236,000 people served
Emergency food distributions; agriculture and livestock support; access to water; natural resource management; microsavings groups; improved nutrition
59,824 people served
Food, shelter, cash grants for living supplies, cash-for-work opportunities, livestock fairs, fodder distribution, rehabilitation of water infrastructure
Drought and conflict in South SudanLearn more
Conflict across the Middle EastLearn more
Refugee crisis in Greece, Macedonia and SerbiaLearn more
Conflict in IraqLearn more
223,055 people served
Distributions of 5,173 metric tons of lifesaving food, including airdrops; water, sanitation and hygiene; cholera prevention and treatment
1.4 million people served
Shelter, living supplies, winter kits, water and sanitation, agriculture support, and education and counseling for children
350,000 people served
Emergency food and supplies; temporary shelter; counseling and other support for children; translation and legal support; urban social service centers; transit camp improvements; and support for children and adults with special needs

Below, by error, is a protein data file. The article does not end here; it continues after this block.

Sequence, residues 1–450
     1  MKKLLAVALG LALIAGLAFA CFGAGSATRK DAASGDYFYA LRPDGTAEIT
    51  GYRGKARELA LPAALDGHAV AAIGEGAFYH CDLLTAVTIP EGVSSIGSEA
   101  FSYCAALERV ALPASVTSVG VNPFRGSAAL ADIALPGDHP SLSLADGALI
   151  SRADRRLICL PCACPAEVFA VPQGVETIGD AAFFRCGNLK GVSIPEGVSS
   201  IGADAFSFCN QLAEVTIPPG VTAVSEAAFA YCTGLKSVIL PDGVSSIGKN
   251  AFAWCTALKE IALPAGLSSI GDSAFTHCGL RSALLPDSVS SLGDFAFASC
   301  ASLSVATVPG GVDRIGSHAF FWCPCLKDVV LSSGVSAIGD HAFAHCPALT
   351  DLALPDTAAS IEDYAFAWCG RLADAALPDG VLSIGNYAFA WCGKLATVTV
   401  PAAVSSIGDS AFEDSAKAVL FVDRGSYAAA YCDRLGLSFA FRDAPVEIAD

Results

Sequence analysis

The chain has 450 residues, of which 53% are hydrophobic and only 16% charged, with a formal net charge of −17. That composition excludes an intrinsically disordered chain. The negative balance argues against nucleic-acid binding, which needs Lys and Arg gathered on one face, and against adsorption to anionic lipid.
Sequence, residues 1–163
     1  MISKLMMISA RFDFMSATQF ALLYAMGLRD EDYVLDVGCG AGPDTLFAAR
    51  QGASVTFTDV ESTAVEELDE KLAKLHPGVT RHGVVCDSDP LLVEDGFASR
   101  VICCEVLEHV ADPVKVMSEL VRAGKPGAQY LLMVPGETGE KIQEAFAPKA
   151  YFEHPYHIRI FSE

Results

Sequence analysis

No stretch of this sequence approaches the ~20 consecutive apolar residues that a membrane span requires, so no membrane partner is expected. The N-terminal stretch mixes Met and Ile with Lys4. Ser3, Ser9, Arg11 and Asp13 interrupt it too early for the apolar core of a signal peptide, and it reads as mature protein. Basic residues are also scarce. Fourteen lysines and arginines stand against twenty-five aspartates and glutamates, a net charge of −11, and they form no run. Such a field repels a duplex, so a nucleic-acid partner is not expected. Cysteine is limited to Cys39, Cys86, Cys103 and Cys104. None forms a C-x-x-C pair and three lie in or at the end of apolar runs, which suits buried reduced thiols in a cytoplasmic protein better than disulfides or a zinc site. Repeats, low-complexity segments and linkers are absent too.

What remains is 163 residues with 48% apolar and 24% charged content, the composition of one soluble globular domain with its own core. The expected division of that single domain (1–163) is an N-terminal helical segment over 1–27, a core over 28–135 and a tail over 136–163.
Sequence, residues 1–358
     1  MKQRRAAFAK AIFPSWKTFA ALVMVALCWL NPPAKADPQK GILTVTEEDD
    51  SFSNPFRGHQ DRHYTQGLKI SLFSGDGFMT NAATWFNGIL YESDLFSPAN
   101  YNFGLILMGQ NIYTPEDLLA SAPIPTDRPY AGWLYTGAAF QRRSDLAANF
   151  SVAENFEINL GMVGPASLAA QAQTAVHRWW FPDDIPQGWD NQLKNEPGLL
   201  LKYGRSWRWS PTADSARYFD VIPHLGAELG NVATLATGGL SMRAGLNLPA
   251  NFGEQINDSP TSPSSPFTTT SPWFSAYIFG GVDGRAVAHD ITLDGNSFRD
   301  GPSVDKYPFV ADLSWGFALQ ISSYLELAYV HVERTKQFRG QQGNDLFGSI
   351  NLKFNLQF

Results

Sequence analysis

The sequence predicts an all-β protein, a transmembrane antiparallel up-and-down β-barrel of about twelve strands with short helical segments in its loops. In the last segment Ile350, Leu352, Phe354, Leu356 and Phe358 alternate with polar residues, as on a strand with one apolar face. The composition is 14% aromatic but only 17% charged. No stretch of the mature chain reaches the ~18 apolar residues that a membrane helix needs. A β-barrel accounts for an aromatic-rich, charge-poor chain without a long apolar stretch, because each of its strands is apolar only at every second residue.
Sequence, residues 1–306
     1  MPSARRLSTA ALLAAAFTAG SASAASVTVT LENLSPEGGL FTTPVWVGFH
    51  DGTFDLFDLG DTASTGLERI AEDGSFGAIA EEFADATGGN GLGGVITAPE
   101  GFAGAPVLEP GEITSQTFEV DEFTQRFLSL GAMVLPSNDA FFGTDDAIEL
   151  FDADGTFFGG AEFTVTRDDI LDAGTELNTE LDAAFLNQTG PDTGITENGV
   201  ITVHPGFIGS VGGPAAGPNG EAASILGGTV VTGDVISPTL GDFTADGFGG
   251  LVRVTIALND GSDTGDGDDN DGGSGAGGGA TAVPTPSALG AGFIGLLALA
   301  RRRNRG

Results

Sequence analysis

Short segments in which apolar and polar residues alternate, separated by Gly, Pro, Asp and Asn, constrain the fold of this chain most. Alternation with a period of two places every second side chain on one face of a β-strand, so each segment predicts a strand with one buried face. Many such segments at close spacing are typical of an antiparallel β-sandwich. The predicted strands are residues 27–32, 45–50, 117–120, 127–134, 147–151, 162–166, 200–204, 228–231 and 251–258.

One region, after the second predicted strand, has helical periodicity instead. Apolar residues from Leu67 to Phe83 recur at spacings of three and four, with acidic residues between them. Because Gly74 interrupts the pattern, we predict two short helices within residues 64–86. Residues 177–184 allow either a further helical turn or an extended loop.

250,000 people served
Food assistance, primarily through cash grants; shelter; emergency living supplies and winter kits; water, sanitation and hygiene; education, emotional care and counseling; school improvements
Conflict in UkraineLearn more
Earthquake in NepalLearn more
Typhoon Haiyan in the PhilippinesLearn more
Earthquake in EcuadorLearn more
96,000 people served
Living supplies, shelter assistance and repair, children’s education and counseling, livelihoods support through vocational training, job search support and small business development
171,620 people served
Shelter assistance, supplies to repair homes, training for local masons on earthquake-resistant construction techniques; water, sanitation and hygiene; livelihood recovery
400,000 people served
Shelter repair and rebuilding; neighborhood resettlement; livelihoods and market recovery; water, sanitation and hygiene; disaster risk reduction
6,000 people served
Shelter repair and rebuilding; living supplies; water, sanitation and hygiene